If the mess in your home feels overwhelming, and you don’t know where to begin dealing with it, this three-step approach to ending clutter for good will help.
Which is not to say that you won’t have to make some effort. Cleaning fairies don’t exist, after all. But following these steps will make it easy to identify what needs to go, get rid of it, and keep clutter out of your home. Plus, it will only take 15 minutes per day.
Ending Clutter for Good
Decluttering Can Feel Overwhelming
The most significant obstacle to getting rid of clutter is that most of us make a big deal out of it. We look at our crowded kitchen counters or our jam-packed bedroom closets and think we have to set aside an afternoon or even an entire weekend to deal with them.
Since it seems overwhelming, we put off dealing with the clutter, and it continues to grow. Soon, the mess takes over the kitchen table and maybe even a chair or two. The jumble in our bedroom closet spreads to the bedroom floor, the top of the dresser — anywhere where there’s space.
And what happens? You start feeling stressed because clutter overwhelms your mind with too many things. You feel guilty for letting it get that way. And yet you feel too drained to deal with it. We’ve all been there.
Narrow Your Focus to Overcome the Anxiety
There’s an adage, which I discuss in my book 30 Days to a Clean and Organized House, about the best way to eat an elephant.
The answer: one bite at a time. In other words, you don’t think about the enormity of the beast. You don’t think about how miserable you’re going to be the entire time. You certainly don’t think about how long it’s going to take you to do it.
You just grab a fork (or whatever implement you’d need to eat an elephant) and start in… one. bite. at. a. time.
The same thing is true about dealing with a cluttered home. Once you get the hang of this approach to ending clutter for good, you won’t even have to think about it. It will merely be part of your average day and, by doing it day after day, you’ll have eaten that elephant — I mean, conquered that clutter.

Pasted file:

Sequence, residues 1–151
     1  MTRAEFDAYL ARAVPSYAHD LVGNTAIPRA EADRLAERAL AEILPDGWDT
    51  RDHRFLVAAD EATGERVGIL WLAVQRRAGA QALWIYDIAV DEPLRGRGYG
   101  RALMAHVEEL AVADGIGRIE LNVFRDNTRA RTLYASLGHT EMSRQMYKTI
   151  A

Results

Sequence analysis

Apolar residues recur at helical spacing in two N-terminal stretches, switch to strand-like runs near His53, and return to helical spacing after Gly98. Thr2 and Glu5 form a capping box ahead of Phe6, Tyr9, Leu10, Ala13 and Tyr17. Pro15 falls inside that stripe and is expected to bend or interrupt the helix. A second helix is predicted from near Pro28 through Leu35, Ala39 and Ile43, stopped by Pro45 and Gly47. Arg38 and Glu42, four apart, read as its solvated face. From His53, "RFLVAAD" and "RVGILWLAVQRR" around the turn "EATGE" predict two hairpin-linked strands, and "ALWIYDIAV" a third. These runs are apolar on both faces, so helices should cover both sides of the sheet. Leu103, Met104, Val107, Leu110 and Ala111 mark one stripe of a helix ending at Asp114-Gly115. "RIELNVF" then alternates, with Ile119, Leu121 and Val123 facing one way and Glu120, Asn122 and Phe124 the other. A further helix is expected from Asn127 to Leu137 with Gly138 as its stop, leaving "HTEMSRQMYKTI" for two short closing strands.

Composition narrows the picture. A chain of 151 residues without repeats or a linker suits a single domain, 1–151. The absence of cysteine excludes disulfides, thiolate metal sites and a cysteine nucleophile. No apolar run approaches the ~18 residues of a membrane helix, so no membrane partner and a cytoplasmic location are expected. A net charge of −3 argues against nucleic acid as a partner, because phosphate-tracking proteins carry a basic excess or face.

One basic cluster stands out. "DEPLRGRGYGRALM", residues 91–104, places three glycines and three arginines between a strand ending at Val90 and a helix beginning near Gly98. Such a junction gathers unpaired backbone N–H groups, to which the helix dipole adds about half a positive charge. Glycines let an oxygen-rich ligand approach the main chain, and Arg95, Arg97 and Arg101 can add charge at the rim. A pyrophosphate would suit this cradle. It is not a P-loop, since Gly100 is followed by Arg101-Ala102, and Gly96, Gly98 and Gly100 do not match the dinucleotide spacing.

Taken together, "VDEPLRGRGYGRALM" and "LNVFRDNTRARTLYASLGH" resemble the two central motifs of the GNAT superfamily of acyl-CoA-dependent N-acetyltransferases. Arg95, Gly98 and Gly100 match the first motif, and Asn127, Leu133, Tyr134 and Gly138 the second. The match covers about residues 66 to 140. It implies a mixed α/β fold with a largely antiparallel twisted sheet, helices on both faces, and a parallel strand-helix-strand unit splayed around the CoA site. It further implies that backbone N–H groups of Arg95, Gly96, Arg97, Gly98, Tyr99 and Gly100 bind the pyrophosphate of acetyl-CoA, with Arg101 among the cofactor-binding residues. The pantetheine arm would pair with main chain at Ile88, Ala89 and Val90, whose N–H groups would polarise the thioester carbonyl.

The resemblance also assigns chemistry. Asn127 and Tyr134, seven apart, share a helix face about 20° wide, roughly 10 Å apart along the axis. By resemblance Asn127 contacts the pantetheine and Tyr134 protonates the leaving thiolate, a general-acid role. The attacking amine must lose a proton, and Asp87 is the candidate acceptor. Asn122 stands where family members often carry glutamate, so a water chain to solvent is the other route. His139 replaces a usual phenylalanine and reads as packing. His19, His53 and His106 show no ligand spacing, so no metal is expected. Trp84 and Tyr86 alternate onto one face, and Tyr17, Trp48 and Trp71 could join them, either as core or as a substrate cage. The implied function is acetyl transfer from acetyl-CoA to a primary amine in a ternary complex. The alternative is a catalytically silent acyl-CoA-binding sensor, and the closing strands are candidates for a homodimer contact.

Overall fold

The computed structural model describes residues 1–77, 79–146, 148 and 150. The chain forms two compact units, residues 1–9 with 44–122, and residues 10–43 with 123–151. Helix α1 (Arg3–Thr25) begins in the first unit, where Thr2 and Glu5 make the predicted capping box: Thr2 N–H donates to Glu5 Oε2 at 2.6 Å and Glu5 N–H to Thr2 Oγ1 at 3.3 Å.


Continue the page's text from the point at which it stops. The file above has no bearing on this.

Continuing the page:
How to Declutter a Room
These steps are in order for a reason. It’s not merely because the 1-2-3 approach is catchy, though it is and that helps you remember it.
These steps to ending clutter are arranged to tackle the mess in short bursts without becoming distracted, overwhelmed, or bored.
Choose One Priority
Pick ONE area to tackle. If your home isn’t too bad to start with, work on one room that you can’t stand seeing messy. If you’re dealing with a lot of clutter, choose just one area in a room that is bothering you the most.
The point is to start with something that personally affects you — not your kids’ room, not your spouse’s dresser drawers, nothing that involves sorting through someone else’s stuff.
This is about letting you see the rewards of your effort from the onset, which will help you stay motivated.
The First Two Minutes
Stand in that room, or face that intolerably cluttered area, and spend two nonstop frantic minutes grabbing everything that’s trash.
Don’t think about it. Don’t debate yourself whether it’s something worth holding onto for the future. Don’t start rationalizing about how you might use it someday or that so-and-so might like it — if those things were true, you’d have used it by now or given it to so-and-so.
It’s trash. Treat it as such and toss it.
Three Things to Start
Find three things that belong somewhere else and take them there. Now.
- Kids’ shoes in your family room? Put them in their room.
- Dirty dishes on the coffee table? Take them to the kitchen.
- Library books to return? Put them on your seat in the car, so you remember to deal with them the next time you leave the house.